What is the noise computers make when they are working?
October 5, 2010 4:24 AM   Subscribe

Why do computers often make a sort of grating noise when they are working?

I often hear computers making a noise that is hard to describe. It sounds sort of like running your fingernails quickly over a plastic grate. It's most common when you have just started a program and it is loading up. What causes this?
posted by giggleknickers to Computers & Internet (8 answers total) 4 users marked this as a favorite
That's usually the sound of the hard drive's read heads rapidly moving back and forth to access bits of data from all over the hard drive platter. Defragment and the sound will diminish a bit, but not completely.
posted by AzraelBrown at 4:29 AM on October 5, 2010 [2 favorites]

AzraelBrown has it. See HowStuffWorks. Here's a YouTube clip of a working drive making that sound.
posted by purephase at 4:48 AM on October 5, 2010 [2 favorites]

Depending on how loud that sound it is, a noisy hard drive can be a sign of a failing hard drive. Some clicking/ticking and grinding is normal, but if the noises are growing louder or more frequent or changing, you may have trouble brewing.

Are you backed up? Doesn't matter if it's a brand new drive or if it's perfectly healthy. Get backed up. Data on a hard drive doesn't exist if it doesn't exist in at least one other place.
posted by fourcheesemac at 5:16 AM on October 5, 2010 [1 favorite]

Do you have a computer that still has a floppy drive? When an app thinks it has to check the floppy drive (maybe because there's something in the recent files list that was on a floppy), you may get the grating sound of the drive trying to read without there being a disc in the drive. (Or am I the only one who still has a computer with a floppy drive in it?)
posted by aught at 5:53 AM on October 5, 2010

Computers store information on hard drives, in what are called "sectors" on the rapidly-spinning magnetic disk. A little radial arm on the drive moves back and forth on it to read various sectors, much like the needle on a record player would, except it moves left and right to find the information it needs very rapidly.

When you first start using a near-empty drive, things start to fill up in a reasonably civilized order - modern computers are smart enough to put stuff together in an order similar to what you'd find on a vinyl record, so that the "needle" (the read head, really) can read as much of a file as possible with as little movement as possible.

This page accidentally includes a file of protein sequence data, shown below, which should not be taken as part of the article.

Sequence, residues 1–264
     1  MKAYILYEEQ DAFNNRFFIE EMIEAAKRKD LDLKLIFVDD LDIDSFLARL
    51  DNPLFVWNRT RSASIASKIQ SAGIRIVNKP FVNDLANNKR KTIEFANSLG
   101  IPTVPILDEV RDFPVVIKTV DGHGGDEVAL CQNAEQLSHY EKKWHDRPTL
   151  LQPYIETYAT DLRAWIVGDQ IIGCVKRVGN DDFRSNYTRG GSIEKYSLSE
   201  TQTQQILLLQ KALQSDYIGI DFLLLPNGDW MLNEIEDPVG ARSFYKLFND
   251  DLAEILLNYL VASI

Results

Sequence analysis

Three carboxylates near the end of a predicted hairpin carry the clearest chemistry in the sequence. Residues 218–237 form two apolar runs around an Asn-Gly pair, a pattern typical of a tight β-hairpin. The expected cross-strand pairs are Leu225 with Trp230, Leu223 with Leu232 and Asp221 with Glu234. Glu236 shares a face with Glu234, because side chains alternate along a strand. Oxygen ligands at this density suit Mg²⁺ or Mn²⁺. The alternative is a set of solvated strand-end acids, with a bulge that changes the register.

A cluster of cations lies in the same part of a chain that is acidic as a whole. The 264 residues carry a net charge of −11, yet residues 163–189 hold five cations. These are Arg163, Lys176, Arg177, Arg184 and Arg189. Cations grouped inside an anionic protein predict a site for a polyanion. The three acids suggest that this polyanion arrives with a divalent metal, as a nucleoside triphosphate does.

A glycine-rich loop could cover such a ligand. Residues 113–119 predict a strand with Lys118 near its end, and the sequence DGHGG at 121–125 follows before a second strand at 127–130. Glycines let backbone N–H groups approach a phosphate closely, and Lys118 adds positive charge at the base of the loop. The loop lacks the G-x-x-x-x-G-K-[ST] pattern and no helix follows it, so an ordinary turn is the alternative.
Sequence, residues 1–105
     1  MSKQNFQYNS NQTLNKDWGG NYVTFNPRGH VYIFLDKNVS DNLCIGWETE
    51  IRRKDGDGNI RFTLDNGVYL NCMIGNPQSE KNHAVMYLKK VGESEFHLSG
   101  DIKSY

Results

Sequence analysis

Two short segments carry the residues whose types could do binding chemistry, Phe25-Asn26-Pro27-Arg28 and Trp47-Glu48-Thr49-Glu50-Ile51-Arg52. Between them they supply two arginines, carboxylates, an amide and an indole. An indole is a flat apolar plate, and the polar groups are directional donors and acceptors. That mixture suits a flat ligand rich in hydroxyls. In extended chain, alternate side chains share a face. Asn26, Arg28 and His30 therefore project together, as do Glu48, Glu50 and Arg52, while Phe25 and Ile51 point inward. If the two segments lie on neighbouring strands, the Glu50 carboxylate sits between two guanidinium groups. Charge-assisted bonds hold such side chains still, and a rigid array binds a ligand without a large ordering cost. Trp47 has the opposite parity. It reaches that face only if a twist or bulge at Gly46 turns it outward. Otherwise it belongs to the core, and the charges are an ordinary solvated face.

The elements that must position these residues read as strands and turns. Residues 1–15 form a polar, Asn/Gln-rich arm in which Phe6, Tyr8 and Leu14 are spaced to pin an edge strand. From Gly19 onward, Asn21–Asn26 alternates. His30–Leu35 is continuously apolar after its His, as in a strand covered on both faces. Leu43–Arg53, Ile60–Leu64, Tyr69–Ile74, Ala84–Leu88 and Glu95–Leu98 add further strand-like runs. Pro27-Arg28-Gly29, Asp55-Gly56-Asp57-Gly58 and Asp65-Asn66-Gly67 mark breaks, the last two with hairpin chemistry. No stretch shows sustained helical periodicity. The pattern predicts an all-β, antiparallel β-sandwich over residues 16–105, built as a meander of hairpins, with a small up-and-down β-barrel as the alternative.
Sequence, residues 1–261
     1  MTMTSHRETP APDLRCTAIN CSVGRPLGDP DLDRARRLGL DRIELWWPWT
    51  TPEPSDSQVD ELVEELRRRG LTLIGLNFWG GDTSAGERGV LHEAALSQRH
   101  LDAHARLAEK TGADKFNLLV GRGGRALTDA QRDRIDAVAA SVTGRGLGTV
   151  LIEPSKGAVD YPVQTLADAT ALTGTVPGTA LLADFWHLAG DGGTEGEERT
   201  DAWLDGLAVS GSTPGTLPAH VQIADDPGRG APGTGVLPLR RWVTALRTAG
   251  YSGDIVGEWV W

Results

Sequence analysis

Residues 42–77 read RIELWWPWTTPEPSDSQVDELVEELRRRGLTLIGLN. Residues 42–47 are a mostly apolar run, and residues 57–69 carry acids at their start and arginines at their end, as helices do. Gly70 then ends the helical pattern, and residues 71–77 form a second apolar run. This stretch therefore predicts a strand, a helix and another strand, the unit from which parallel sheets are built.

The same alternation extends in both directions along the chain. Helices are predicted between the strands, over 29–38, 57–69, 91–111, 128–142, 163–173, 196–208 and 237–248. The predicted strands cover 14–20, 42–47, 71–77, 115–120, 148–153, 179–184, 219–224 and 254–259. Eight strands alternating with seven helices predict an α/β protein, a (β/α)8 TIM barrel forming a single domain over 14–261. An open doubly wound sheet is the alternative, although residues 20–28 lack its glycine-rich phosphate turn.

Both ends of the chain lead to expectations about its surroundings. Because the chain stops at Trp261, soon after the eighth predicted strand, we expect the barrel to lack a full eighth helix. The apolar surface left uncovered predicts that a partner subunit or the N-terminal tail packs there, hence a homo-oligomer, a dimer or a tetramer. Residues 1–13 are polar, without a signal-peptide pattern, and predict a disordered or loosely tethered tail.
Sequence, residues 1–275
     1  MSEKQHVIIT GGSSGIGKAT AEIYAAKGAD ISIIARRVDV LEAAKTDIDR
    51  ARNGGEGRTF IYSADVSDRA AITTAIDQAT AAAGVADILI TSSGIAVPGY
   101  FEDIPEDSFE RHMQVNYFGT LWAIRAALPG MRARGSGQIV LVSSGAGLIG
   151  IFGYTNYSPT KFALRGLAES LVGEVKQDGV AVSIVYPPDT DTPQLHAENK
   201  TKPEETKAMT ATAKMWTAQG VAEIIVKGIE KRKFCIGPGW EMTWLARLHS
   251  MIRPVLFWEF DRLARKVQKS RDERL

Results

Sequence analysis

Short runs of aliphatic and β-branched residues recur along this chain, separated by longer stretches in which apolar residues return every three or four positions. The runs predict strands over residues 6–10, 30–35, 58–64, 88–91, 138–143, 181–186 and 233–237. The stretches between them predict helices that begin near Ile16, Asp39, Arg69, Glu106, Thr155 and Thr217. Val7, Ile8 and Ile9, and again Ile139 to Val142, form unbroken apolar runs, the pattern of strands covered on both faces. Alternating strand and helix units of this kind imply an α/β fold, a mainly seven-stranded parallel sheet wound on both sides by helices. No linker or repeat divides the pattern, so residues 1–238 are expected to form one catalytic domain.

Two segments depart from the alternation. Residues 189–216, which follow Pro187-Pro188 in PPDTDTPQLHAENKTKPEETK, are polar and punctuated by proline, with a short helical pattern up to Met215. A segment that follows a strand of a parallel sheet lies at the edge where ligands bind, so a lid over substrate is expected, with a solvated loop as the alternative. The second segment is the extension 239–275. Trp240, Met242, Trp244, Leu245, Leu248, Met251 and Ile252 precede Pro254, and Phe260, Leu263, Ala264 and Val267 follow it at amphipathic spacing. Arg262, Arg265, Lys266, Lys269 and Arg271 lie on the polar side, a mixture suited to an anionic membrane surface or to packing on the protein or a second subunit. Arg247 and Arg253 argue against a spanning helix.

As the drive gets filled up and the space starts go get emptied and reused (let's say you delete a few dozen completely legal MP3s at 4MB each, and then download a perfectly legitimate podcast at 40MB) the computer will fill those 4MB slots with part of that 40MB file, and note to itself that 4MB of it is here, and 4MB is over there, and 8MB is in that other spot, and so on.

And then the drive head will shift left and right quite quickly, to read that file when you ask for it, as well as doing all the other stuff your computer does quietly in the background for you.

That's what you're hearing, is that rapid shifting left and right. You should know, though, that older hard drives that start to make that particular noise (especially if you hear a louder "klunk" noise periodically in there) are frequently loud because they're on the verge of failing. As mentioned above, make sure you've got whatever's important to you saved somewhere else if your hard drive starts getting too loud, either burned to DVD or saved on another hard drive - USB keys aren't a reliable mid- or long-term storage medium.
posted by mhoye at 6:38 AM on October 5, 2010 [2 favorites]

If it's not the hard drive making the sounds then the other alternative is that part of a drive cable is lightly touching a fan.

The reason the sound is heard more when you start programs is because the CPU starts to work more which generates more heat and the fan has to speed up to keep the temperature consistent.
posted by mr_silver at 8:10 AM on October 5, 2010

Are you backed up?

This is the most important thing anyone's said here. Some hard drive noise is normal; some is the sign of impending doom. If you're asking this question, it sounds like you may not know the difference.

Don't chance it. Mozy, Carbonite, and Dropbox all have free/cheap cloud backup services that are easy to install and use, and you can buy a terabyte of external USB hard drive for around a hundred bucks right now. (I recommend using one with Cobian backup, a great, easy to use and free program).

Hard drives always fail when you least expect it! No excuse to get caught unprepared.
posted by Erroneous at 11:06 AM on October 5, 2010

Again, heed fourcheesemac.

Are you backed up?

It's happened to me. I started hearing the sound, but kept using the computer because it seemed to be working just fine. A few days later, the hard drive quit. There'd been no further warning beyond the occasional clicking/grating.

Don't wait.
posted by wryly at 11:57 AM on October 5, 2010

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